To watch or not to watch…

Recently American academy of pediatrics urged the parents to limit the media exposure to young children especially infants and toddlers. It suggested that the media provided a constant background noise and also influenced the quality of time that parents spent with their children. They also suggest that so called educational programs may not really provide any educational benefits especially for children under 2 years of age. Young children do not benefit as much from media as they do from a real life interaction.

A study on fast mapping (ability to learn new words quickly) in toddlers exposed to educational programs on television was conducted by Krcmar, Grela and Lin (2007). They compared the fast mapping in joint referencing (adults present the word in live interaction) vs child program condition. Word learning was significantly better in joint reference condition stressing the importance of human interaction. Another study by Krcmar in 2011 also supported these findings and showed that there was no correlation between visual attention and the learning. This means that the fact that children look at the media does not mean that they are getting anything out of it. Following video by Patricia Kuhl on linguistic genius of babies also supports the importance of a live interaction in language learning.

These are interesting findings and support the advice SLP’s have been giving the parents of children with language learning difficulties, talk to your child. In my opinion, as a mother of a 6 month old, I strongly feel that spending one on one time with children provides for quality communication. There is the obvious question of what to do when you have to run errands and need to let the child be on its own for some time. Letting children play on their own may be the answer as it promotes problem solving. However the question is how realistic is it to limit the media exposure to young children. How do you balance this inevitable exposure to media with a live human interaction? What suggestions do you give to parents who ask questions on media exposure? According to me it definitely is a balancing act and also a responsibility on the part of parents to be aware of the content that the child is being exposed to. Media exposure with adult interaction/explanation  could be more beneficial than solitary media exposure. What do you think? To watch or not to watch……..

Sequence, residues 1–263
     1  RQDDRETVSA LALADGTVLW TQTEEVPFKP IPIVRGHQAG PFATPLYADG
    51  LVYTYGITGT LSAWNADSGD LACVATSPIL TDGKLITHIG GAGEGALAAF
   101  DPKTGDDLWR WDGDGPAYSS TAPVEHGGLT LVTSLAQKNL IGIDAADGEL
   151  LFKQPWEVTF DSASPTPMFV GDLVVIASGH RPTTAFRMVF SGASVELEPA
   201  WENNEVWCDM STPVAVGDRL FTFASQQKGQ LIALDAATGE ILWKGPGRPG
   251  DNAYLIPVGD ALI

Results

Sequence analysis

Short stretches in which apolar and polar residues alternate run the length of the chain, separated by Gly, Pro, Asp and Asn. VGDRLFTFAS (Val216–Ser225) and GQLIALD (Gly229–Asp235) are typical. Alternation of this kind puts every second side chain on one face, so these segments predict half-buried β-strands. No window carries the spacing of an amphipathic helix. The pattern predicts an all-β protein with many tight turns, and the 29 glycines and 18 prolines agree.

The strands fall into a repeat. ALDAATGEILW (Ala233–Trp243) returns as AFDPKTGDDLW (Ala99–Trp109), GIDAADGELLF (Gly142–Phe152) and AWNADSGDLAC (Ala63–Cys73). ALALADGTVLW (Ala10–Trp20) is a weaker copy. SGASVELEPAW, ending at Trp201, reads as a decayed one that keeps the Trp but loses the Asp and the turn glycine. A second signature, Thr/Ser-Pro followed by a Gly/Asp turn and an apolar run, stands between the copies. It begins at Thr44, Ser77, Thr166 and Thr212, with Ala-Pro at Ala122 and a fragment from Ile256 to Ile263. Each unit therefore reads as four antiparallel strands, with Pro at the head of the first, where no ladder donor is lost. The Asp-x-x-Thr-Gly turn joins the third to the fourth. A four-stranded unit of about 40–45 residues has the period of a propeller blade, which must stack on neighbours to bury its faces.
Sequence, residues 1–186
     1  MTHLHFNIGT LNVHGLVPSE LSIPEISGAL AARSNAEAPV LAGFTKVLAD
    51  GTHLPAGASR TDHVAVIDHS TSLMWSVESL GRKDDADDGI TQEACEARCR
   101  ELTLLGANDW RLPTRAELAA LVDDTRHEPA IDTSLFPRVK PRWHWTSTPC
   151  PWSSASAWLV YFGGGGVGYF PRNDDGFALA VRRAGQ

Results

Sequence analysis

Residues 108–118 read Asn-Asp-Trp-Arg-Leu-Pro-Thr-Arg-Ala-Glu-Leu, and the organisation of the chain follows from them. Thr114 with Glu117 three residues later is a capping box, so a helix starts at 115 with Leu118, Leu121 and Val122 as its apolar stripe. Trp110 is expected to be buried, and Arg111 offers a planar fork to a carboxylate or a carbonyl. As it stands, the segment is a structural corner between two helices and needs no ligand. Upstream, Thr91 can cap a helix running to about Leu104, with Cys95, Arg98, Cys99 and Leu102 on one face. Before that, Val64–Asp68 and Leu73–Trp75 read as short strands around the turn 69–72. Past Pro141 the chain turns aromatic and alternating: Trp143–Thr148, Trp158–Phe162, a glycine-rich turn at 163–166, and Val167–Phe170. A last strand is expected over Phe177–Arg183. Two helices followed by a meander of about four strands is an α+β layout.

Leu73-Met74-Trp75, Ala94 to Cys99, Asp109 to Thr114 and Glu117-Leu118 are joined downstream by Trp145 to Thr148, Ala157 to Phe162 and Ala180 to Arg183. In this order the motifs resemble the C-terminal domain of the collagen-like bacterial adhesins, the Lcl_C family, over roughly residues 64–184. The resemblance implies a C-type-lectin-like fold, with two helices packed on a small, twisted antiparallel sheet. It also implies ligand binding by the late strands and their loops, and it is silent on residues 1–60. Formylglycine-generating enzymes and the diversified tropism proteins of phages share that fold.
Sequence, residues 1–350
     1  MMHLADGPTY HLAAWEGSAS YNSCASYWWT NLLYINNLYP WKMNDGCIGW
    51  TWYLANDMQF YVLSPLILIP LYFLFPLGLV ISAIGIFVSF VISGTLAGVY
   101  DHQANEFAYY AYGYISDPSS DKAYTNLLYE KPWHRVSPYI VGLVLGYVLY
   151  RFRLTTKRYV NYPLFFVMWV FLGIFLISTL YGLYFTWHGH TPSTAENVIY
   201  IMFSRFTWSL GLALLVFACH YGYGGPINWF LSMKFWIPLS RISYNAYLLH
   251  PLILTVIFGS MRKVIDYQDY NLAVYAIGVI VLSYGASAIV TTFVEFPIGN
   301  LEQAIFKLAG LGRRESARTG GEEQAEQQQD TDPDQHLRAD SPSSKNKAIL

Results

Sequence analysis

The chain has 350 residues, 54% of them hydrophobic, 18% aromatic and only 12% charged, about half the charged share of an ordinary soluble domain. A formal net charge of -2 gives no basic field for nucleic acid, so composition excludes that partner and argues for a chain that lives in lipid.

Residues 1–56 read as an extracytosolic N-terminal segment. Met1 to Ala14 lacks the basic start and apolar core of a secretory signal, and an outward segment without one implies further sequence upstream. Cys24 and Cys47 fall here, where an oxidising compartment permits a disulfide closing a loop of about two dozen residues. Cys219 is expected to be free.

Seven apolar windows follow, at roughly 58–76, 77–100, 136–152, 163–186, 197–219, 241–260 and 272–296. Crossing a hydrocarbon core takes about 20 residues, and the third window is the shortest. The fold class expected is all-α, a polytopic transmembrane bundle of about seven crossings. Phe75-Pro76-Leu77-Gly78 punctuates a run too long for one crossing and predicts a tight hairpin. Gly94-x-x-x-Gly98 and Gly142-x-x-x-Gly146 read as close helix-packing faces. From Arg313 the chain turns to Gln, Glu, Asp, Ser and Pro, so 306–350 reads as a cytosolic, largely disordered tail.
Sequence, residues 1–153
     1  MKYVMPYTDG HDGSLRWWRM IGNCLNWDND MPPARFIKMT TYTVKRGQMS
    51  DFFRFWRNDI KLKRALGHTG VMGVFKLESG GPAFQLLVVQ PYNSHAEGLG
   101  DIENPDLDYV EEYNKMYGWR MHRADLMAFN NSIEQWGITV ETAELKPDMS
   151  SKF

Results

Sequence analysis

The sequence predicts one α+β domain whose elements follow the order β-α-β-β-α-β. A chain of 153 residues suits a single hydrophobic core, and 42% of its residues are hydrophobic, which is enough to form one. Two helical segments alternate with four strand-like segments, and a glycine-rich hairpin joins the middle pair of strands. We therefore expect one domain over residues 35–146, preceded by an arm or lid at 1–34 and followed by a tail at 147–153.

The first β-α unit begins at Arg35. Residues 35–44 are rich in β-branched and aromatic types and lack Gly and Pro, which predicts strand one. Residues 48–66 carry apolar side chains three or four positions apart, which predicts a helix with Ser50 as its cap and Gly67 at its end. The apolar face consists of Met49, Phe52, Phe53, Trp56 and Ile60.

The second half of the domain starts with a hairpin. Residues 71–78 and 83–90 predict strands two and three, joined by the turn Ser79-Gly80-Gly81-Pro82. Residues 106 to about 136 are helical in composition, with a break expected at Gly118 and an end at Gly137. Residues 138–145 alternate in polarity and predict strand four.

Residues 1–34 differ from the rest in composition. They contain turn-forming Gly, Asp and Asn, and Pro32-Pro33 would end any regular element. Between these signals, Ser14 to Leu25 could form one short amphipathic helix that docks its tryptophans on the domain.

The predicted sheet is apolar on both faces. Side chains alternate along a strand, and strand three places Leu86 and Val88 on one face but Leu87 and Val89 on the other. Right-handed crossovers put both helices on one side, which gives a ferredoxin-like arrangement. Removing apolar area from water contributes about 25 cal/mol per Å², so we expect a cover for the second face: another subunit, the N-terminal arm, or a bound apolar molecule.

5 thoughts on “To watch or not to watch…

  1. I completely agree with you. Excessive media exposure to young children does not enhance language learning rather it may degrade it. In my opinion, children should be encouraged to engage in social interactions with peers and adults, read story books and media exposure should be limited with parental controls. Also, as you had suggested media exposure with adult interaction makes it more beneficial where children get to discuss about the programmes they watch.

    • Sorry have been away for quite a long time. I have been busy with my 10 month old son seeing him achieve some major physical and cognitive milestones.
      You are right Smeeta, I have seen this with my son. Whenever we play some video for him, he does show initial attention but fails to sustain it unless there is someone around talking or acting out the stuff shown on the video. He has taken quickly to some rhymes that we play for him because we act them out together.

      • As a mom, I want my son to be able to talk to his peers about the shows he watches but on the other hand I want to be in control of what he watches.
        We have now started with a DVD from Baby Einstein. It has real life imagery appropriate for young babies, so they are exposed to pictures and videos of animals, puppets, toys etc and it is going well so far.

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